Baz Luhrmann’s rehashing of F. Scott Fitzgerald’s iconic American masterpiece The Great Gatsby is a slight improvement over the 1974 iteration with Robert Redford and Mia Farrow. By this, I mean that it has ascended one rung of the film-quality ladder by becoming likably cheap razzmatazz instead of eye-reddening ennui. It’s hard not to enjoy it, much as one might enjoy sucking on a lollipop or lying on a tropical beach in the moonlight and staring blankly at the stars. But what a shame that a film about a novel of such depth and complexity—with an underlying message that’s as intriguingly shadowy and oneiric as the eponymous character—should suffocate meaning beneath gyrating flesh and party confetti.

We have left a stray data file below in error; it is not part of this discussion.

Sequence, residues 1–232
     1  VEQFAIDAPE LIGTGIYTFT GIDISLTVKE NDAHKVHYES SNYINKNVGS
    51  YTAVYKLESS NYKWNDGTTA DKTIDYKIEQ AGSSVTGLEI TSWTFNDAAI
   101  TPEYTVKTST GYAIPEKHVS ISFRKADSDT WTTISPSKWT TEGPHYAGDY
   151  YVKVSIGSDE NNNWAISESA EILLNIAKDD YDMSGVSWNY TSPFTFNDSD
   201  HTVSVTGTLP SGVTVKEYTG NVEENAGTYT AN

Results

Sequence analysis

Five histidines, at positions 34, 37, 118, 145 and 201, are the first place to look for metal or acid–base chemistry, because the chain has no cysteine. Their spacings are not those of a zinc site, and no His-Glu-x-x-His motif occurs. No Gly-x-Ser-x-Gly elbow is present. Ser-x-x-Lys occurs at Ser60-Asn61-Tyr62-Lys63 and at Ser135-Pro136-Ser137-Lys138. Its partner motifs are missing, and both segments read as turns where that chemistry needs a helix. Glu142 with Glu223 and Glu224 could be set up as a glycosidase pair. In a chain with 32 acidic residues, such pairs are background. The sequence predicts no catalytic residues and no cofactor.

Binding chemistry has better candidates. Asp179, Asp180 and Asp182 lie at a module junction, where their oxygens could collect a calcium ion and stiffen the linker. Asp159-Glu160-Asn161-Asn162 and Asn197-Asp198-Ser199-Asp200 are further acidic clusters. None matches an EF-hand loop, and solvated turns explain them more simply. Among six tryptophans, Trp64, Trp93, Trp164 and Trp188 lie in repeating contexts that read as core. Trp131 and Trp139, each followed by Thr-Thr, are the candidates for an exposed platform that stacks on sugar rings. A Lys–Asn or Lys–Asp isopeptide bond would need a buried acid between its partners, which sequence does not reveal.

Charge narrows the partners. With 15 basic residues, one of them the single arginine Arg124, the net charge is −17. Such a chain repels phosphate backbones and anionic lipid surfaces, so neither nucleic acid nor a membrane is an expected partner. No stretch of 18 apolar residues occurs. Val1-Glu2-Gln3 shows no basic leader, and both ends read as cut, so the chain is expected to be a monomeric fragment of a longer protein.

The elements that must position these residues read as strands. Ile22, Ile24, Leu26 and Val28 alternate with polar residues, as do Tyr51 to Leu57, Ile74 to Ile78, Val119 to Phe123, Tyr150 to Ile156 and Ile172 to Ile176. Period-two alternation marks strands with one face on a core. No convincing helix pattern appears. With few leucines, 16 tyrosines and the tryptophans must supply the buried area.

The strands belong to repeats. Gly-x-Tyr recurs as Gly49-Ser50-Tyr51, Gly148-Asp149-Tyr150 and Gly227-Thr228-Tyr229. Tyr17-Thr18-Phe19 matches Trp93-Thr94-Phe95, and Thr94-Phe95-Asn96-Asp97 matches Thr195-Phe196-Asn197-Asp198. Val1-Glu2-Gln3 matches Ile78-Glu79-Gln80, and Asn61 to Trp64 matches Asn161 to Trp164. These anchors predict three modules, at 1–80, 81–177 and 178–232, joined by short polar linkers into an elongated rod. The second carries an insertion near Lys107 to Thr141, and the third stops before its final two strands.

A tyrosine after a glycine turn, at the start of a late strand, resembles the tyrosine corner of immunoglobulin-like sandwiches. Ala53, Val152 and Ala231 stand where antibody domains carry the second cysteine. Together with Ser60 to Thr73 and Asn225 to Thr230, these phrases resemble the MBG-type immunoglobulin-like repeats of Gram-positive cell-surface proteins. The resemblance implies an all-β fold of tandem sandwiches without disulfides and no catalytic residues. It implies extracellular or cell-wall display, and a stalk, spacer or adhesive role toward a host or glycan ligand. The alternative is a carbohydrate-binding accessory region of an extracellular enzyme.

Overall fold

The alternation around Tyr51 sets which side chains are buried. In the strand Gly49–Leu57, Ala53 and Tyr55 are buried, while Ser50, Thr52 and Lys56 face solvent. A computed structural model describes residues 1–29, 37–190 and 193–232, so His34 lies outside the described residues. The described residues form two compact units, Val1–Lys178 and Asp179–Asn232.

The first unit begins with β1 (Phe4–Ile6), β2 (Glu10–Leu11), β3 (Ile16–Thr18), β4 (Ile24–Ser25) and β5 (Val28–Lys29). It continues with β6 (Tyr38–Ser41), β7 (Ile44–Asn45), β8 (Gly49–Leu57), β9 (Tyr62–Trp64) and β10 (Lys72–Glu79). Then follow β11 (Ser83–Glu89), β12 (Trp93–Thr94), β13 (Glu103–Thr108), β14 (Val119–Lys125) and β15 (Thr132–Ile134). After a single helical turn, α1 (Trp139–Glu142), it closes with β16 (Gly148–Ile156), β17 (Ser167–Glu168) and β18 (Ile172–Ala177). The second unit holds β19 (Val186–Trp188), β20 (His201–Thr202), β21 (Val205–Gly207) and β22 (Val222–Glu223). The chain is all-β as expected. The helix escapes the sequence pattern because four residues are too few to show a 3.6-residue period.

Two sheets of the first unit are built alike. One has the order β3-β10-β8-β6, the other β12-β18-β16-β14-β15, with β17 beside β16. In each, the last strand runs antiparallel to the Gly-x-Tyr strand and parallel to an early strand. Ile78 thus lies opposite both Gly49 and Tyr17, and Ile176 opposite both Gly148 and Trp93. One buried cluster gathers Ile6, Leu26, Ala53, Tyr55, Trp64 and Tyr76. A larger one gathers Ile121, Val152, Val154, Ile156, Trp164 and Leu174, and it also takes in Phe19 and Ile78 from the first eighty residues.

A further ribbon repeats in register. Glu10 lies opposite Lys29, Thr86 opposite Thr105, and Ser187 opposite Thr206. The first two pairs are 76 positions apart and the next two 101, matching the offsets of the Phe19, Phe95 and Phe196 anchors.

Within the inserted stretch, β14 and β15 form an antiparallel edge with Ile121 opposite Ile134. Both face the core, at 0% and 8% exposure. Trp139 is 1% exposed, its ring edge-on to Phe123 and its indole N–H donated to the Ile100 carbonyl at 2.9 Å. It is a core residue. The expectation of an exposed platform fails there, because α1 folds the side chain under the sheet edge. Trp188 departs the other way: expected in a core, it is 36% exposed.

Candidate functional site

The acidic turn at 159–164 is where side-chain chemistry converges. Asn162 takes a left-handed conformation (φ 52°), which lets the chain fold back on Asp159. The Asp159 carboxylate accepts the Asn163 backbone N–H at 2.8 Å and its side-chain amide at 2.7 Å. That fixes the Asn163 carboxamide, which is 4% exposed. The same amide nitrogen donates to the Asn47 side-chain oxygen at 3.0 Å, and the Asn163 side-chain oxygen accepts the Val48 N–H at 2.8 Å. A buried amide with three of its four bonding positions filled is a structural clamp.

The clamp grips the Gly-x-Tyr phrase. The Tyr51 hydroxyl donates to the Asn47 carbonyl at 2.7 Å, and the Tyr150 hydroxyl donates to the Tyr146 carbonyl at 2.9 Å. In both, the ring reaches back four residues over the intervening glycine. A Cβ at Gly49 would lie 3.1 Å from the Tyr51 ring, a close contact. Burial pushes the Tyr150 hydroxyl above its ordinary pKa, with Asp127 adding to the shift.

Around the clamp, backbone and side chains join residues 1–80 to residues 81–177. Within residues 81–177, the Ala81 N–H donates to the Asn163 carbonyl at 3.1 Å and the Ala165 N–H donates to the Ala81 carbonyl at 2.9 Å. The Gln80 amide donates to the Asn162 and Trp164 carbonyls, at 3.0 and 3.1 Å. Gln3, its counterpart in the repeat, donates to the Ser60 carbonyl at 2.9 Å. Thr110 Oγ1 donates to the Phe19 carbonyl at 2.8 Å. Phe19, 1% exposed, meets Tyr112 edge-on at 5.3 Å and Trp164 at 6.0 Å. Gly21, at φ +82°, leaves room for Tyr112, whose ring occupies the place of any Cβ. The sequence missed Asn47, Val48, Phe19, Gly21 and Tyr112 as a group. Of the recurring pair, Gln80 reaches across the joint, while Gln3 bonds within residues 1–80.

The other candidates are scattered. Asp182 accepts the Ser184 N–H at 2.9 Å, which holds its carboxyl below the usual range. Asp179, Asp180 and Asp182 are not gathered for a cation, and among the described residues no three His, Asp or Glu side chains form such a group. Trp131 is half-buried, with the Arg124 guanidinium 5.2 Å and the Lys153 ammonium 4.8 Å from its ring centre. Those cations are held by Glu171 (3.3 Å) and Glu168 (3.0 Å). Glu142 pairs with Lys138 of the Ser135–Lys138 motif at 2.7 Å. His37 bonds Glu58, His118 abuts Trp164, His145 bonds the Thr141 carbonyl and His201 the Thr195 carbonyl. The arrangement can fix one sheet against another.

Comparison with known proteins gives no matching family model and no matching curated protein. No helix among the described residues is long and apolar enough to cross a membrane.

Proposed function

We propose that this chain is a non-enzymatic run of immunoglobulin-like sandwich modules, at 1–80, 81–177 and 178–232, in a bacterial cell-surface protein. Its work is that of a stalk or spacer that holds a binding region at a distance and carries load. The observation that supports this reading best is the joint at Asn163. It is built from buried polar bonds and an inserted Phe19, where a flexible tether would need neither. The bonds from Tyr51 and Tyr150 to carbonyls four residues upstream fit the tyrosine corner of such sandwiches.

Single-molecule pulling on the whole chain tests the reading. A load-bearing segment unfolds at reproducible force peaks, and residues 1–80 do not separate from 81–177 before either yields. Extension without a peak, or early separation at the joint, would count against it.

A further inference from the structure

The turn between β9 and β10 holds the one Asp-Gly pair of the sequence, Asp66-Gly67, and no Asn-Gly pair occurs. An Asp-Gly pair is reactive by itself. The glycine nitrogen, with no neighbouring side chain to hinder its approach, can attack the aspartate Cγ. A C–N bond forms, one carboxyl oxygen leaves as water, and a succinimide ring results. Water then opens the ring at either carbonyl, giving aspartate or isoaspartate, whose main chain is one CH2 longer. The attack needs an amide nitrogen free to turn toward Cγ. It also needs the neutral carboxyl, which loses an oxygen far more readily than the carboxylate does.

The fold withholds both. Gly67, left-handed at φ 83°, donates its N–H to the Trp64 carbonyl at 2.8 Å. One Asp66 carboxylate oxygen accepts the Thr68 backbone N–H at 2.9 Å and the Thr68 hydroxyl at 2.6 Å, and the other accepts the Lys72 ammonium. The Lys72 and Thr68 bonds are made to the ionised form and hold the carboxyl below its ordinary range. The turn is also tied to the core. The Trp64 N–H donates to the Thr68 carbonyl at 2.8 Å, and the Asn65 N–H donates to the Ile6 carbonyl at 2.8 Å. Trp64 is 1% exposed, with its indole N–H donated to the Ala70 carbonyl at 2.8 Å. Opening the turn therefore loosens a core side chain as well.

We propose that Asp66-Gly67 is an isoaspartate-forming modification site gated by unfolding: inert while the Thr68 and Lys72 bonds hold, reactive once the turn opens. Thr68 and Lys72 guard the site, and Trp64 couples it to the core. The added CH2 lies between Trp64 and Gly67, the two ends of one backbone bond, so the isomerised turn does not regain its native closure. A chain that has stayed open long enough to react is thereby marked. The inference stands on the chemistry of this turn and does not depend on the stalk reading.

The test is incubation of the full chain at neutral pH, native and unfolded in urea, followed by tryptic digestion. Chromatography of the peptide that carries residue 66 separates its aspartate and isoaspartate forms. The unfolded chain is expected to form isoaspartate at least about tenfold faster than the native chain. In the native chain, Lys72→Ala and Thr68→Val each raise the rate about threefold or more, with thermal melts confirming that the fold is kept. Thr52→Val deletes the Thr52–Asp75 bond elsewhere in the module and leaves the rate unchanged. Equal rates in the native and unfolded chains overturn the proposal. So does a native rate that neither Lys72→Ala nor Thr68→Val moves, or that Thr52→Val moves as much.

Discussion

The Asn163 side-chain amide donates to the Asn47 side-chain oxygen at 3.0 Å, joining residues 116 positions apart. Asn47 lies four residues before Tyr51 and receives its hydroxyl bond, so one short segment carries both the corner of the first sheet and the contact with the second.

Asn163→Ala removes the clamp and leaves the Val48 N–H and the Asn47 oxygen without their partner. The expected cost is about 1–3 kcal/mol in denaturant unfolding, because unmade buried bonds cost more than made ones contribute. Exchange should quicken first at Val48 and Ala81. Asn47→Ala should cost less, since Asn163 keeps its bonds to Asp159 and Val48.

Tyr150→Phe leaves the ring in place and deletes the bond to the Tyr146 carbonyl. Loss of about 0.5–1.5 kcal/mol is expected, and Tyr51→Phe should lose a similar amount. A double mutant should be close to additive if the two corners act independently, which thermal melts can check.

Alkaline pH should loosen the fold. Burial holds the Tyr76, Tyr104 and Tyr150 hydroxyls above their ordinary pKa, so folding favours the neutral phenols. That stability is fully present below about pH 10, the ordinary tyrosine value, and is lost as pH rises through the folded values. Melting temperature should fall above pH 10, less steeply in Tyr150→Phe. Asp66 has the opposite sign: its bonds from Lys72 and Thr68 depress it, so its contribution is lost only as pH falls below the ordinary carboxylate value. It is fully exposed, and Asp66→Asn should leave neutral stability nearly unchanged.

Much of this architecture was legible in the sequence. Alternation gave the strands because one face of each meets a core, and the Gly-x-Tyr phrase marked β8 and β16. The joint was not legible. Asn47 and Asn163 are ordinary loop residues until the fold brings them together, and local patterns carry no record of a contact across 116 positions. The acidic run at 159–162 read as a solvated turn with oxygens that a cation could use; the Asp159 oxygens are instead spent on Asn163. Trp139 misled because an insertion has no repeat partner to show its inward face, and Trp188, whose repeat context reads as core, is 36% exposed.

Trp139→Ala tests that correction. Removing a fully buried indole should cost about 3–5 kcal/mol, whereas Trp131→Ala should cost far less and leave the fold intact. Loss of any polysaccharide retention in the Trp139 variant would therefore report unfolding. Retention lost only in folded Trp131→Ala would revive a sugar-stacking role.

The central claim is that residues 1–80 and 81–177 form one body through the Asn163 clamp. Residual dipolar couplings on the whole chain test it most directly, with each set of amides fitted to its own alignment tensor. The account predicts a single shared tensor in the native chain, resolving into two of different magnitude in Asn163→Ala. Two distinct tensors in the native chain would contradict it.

Swedish cinema is sometimes considered synonymous with the films of Ingmar Bergman, but even a genius must have his influences. In the beginning, there was Victor Sjöström’s eerie landmark silent film The Phantom Carriage, which elevated early horror to new heights of surrealistic complexity.